A eulogy for blackboards from my pseudonymous book, 21st Century Dodos.
Where have all the blackboards gone?
Seriously, it is all whiteboards and computer projector screens and marker pens nowadays. No blackboards. No chalk. All very modern.
I can remember two types of blackboard from my school days. One, the most common, was the fixed blackboard at the end of the classroom, next to the teacher’s desk. This was the focal point of all lessons. It was where the spelling list went up, where the sums were displayed, where whole passages were written for us to copy out. There was usually some sort of ledge or shelf that held the chalk and duster. It was like a massive black window.
And then there was the rolling blackboard, the slightly more portable version. Usually on wheels, it was more portrait than landscape, and had a reel of coated material stretched across it so that it could be rolled down as it was used, a bit like a revolving hand towel in a public toilet. It meant the teacher could move on to a fresh, blank area when he or she had used up the space in front of them, but also allowed for a big reveal. The name of a special project, or the answer to a puzzle that the kids had been working on, could be written up and then rolled round to the other side, ready to be pulled down on cue.
The rolling blackboard still had to be cleaned, but it did give you a bit of time with the duster between sessions. It also allowed the pupils to draw a penis or write ‘Mrs Jones is smelly’ while the teacher was out, roll the blackboard down, and then convulse in spasms of anticipation as they waited for it to come round again. Along with the inevitable detention.
Of course, blackboards were rarely actually black. They very quickly became grey, coated as they were with layers of chalk dust. All the blackboard duster did was spread that dust around, really, although it was still a sought-after job for the kids in the class, teachers often handing out the task to the ‘person who is sitting most still and quiet’.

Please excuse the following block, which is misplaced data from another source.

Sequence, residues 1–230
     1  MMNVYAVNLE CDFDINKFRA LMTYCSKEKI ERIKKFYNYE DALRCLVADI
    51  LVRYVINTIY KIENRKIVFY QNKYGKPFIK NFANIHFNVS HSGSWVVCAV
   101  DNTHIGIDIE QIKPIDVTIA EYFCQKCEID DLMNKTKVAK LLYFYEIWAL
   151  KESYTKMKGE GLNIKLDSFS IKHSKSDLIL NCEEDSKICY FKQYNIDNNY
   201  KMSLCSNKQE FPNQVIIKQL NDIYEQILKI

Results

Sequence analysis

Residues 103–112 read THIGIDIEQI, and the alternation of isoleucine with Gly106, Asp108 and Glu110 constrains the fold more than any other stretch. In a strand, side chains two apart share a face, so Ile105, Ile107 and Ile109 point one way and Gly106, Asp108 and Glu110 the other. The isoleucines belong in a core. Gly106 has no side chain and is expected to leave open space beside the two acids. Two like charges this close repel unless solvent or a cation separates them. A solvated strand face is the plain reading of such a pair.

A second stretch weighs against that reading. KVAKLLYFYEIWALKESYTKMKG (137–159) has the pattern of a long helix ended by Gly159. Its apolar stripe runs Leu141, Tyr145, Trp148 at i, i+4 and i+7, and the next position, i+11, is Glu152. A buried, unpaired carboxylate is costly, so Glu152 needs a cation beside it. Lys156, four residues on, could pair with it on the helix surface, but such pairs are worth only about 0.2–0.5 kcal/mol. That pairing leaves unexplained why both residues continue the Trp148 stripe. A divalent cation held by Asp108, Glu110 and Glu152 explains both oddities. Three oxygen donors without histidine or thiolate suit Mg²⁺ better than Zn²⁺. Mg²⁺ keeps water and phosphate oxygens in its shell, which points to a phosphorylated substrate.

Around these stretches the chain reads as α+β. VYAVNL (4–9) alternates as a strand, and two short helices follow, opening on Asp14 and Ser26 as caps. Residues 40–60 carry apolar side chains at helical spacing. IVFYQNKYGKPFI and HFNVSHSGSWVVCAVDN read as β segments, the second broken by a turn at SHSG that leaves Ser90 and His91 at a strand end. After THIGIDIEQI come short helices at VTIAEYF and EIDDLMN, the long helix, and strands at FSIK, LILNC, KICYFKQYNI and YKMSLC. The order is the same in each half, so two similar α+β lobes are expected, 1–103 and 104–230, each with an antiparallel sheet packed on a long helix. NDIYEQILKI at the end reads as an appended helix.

But the best job of all was when you were asked to clean the blackboard with a wet cloth. This opportunity only came round once a week or so, but was the chance to get the blackboard back to its original glory. All traces of chalk were gone and, for a few brief moments, it looked pristine, unblemished. It was a thing of beauty. And then the teacher would start writing on it again.
This, in itself, was quite an art form. Have you ever tried writing with a new piece of chalk on a blackboard? It is bloody difficult, and especially hard to have anything remotely resembling neat handwriting while doing so. I guess this is now a dying art, writing on a whiteboard with a felt-tip is much easier.
As the blackboard vanishes off into the past with a puff of chalk dust, so does the origin of the phrase ‘Like fingernails down a blackboard’. We all know what that means, and some of us will have goosebumps at the very thought, but do our children? And will our children’s children?
Another classic image lost in the march of progress.
Dodo Rating: ****